CUSEF is a Hong Kong-based nonprofit headed by billionaire and Chinese regime official Tung Chee-hwa that bills itself as an independent group working to provide U.S.–China dialogues and exchanges. But in reality, it “functions as a de facto front organization for the PRC [People’s Republic of China] government,” the report stated, citing the findings from a 2020 study by Jamestown Foundation, a Washington-based think tank. The group is also registered under the U.S. Foreign Agent Registration Act (FARA).
The group has entered into a range of partnerships with a range of prestigious American think tanks and universities, which IRSEM characterized as a bid to “launder” its influence activities. Partners include Johns Hopkins University, the East-West Institute, the Carnegie Endowment for Peace, the Atlantic Council, and the Brookings Institution.
Earlier this year, CUSEF’s ties to the Carnegie Endowment for International Peace came under the spotlight during the nomination hearing for CIA Director William Burns. Prior to his nomination, Burns served as president of the think tank. Facing criticism from Republican lawmakers, Burns told the Senate hearing that he had “inherited” Carnegie’s relationship with CUSEF but cut ties with the group “not long after” he began his tenure in 2015. Burns further said he was “increasingly worried about the expansion of Chinese influence operations.”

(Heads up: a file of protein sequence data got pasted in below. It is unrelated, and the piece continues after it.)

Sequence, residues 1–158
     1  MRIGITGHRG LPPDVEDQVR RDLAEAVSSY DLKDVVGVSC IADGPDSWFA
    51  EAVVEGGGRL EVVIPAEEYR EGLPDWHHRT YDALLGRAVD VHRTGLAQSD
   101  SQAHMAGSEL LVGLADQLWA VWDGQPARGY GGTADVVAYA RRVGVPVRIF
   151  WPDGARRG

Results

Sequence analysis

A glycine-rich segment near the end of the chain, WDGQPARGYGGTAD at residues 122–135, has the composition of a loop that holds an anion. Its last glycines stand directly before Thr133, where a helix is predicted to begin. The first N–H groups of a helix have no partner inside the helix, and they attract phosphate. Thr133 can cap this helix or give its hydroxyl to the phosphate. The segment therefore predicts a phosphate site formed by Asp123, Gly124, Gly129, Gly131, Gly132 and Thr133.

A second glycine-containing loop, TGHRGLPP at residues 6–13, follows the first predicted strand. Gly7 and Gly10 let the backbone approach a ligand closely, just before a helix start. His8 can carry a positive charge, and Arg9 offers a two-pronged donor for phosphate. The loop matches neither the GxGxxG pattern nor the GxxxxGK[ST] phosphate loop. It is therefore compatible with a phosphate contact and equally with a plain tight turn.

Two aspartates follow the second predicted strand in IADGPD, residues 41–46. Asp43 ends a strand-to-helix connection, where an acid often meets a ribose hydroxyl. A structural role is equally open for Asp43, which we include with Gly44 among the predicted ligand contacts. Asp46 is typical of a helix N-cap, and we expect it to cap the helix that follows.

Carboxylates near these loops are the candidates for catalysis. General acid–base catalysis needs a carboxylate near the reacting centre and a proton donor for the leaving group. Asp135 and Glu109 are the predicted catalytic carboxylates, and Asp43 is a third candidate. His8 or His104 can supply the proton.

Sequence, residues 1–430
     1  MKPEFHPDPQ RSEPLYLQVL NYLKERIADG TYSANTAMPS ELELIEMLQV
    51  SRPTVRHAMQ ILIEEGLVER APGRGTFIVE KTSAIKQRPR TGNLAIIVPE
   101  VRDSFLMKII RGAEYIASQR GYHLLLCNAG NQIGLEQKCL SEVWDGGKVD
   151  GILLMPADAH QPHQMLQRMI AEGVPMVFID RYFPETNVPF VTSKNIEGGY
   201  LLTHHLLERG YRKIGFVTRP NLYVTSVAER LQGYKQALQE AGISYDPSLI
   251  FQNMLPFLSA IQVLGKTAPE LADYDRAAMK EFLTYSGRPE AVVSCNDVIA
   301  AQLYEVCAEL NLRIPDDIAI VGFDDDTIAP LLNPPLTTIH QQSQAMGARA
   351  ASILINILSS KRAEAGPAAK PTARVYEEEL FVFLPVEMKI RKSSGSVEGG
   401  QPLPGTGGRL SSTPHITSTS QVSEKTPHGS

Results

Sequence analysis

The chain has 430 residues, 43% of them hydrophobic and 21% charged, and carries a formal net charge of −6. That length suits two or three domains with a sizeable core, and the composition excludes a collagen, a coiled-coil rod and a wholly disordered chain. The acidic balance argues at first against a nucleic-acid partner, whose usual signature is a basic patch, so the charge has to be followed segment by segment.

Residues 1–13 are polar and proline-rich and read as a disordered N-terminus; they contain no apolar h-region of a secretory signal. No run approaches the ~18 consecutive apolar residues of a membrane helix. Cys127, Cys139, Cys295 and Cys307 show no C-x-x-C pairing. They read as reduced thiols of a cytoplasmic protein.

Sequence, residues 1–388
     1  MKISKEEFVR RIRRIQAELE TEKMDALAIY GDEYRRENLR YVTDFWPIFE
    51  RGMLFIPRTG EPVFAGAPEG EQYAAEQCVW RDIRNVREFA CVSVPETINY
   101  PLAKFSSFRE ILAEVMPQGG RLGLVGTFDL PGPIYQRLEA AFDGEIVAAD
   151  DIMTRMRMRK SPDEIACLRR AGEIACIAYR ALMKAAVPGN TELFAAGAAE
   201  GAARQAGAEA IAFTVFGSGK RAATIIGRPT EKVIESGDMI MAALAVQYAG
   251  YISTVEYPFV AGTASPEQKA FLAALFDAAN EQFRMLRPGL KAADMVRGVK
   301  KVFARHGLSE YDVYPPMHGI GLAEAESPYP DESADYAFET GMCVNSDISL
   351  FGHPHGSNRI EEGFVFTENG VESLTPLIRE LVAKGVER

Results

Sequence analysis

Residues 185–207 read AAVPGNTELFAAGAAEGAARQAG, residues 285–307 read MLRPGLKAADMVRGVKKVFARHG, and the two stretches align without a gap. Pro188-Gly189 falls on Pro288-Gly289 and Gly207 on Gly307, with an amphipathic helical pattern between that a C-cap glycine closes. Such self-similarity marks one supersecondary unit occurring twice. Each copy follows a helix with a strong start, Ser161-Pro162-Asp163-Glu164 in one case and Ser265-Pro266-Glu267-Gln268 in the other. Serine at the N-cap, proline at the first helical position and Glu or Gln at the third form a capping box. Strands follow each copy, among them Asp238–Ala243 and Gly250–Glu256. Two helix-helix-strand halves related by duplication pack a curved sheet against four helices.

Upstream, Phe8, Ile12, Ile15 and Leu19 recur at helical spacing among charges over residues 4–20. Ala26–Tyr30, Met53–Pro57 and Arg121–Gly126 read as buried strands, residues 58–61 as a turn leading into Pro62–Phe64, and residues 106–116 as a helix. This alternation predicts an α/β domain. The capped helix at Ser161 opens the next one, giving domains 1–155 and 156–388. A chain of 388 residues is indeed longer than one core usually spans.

The group also sponsors many high-level dialogues between CCP officials and U.S. military and political figures, the report stated.
U.S. media have also been targeted by CUSEF. It has organized trips to China for more than 120 journalists from almost 50 U.S. media outlets since 2009, The Epoch Times previously reported.